Feeling Psyched on Google Ads?


Hey, me too. 

Next time I pop in, I’ll go over the prerequisites every eCommerce business needs before building and launching a campaign.

But if you’re feeling eager, you can check out this Google Ads Mastery Workshop that has you covered.

Or, you can check out my entire guide to Google Ads for eCommerce here.

Source link


Old Navy to drop NFTs in July 4th promo update



Old Navy to drop NFTs in July 4th promo update

Old Navy will update its yearly Fourth of July promotions by saluting the metaverse with an NFT drop, going live June 29.

In honor of the year they were founded, the retailer will release 1,994 common NFTs, each selling for $0.94. The NFTs will feature the iconic Magic the Dog and t include a promo code for customers to claim an Old Navy t-shirt at Old Navy locations or online.

“This launch is Old Navy’s first activation in web3 or with NFTs,” an Old Navy spokesperson told MarTech. “As a brand rooted in democratization and inclusivity, it was essential that we provide access and education for all with the launch of our first NFT collection. We want all our customers, whether they have experience with web3, to be able to learn and participate in this activation.”

Accessible and user-friendly. Any customer can participate by visiting a page off of Old Navy’s home site, where they’ll find step-by-step instructions.

There will also be an auction for a unique one-of-one NFT. All proceeds for the NFT and shirt sales go to Old Navy’s longtime charitable partner, Boys & Girls Clubs of America.

Additionally, 10% of NFT resales on the secondary market will also go to Boys & Girls Clubs.

Support. This activation is supported by Sweet, who’s played a major role in campaigns for other early NFT adopters like Burger King.


The Old Navy NFTs will be minted on the Tezos blockchain, known for its low carbon footprint.

“This is Old Navy’s first time playing in the web3 space, and we are using the launch of our first NFT collection to test and learn,” said Old Navy’s spokesperson. “We’re excited to enable our customers with a new way to engage with our iconic brand and hero offerings and look forward to exploring additional consumer activations in web3 in the future.”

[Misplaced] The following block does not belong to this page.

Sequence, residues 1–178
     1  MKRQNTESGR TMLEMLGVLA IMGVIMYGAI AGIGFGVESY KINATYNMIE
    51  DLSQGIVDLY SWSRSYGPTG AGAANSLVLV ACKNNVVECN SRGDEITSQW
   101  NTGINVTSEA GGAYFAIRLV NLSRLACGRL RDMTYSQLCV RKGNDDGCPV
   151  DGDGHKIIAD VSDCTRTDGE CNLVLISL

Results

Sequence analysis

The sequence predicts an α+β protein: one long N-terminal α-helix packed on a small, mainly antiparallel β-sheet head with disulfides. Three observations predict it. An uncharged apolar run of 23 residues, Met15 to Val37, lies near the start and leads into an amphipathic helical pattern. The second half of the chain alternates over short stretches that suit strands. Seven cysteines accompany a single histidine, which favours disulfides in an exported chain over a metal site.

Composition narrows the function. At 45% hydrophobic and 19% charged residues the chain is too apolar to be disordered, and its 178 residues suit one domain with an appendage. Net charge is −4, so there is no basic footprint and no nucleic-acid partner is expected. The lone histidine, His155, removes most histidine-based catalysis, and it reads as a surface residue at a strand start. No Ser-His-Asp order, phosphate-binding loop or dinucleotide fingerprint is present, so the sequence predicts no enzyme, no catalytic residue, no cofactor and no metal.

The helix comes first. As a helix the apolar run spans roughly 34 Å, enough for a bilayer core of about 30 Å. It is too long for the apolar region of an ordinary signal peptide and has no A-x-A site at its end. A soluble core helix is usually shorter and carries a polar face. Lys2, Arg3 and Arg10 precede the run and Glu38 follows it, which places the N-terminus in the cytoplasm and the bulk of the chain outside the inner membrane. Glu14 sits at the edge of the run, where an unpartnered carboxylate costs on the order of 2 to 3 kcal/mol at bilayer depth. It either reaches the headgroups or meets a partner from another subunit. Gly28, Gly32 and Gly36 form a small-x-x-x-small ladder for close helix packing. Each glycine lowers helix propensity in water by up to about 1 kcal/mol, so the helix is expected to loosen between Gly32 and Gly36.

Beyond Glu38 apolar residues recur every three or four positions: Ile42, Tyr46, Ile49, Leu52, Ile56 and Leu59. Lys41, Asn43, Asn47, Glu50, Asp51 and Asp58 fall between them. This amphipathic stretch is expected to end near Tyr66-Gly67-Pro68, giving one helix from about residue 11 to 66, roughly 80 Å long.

See also  Which Social Networks Should You Advertise on in 2022?

Read next: 4 key strategies for NFT brand launches

Why we care. Macy’s also announced an NFT promotion timed to their fireworks show. This one will award one of 10,000 NFTs to those who join their Discord server.

Old Navy, in contrast, is keeping customers closer to their owned channels, and not funneling customers to Discord. Old Navy consumers who don’t have an NFT wallet can sign up through Sweet to purchase and bid on NFTs.

While Macy’s has done previous web3 promotions, this is Old Navy’s first. They’ve aligned a charity partner, brand tradition and concern for the environment with a solid first crack at crypto.

Get the daily newsletter digital marketers rely on.


About The Author

Chris Wood draws on over 15 years of reporting experience as a B2B editor and journalist. At DMN, he served as associate editor, offering original analysis on the evolving marketing tech landscape. He has interviewed leaders in tech and policy, from Canva CEO Melanie Perkins, to former Cisco CEO John Chambers, and Vivek Kundra, appointed by Barack Obama as the country’s first federal CIO. He is especially interested in how new technologies, including voice and blockchain, are disrupting the marketing world as we know it. In 2019, he moderated a panel on “innovation theater” at Fintech Inn, in Vilnius. In addition to his marketing-focused reporting in industry trades like Robotics Trends, Modern Brewery Age and AdNation News, Wood has also written for KIRKUS, and contributes fiction, criticism and poetry to several leading book blogs. He studied English at Fairfield University, and was born in Springfield, Massachusetts. He lives in New York.

See also  Google Maps Adds "Updates From Customers" In Business Listing

Source link

Continue Reading

Subscribe To our Newsletter
We promise not to spam you. Unsubscribe at any time.
Invalid email address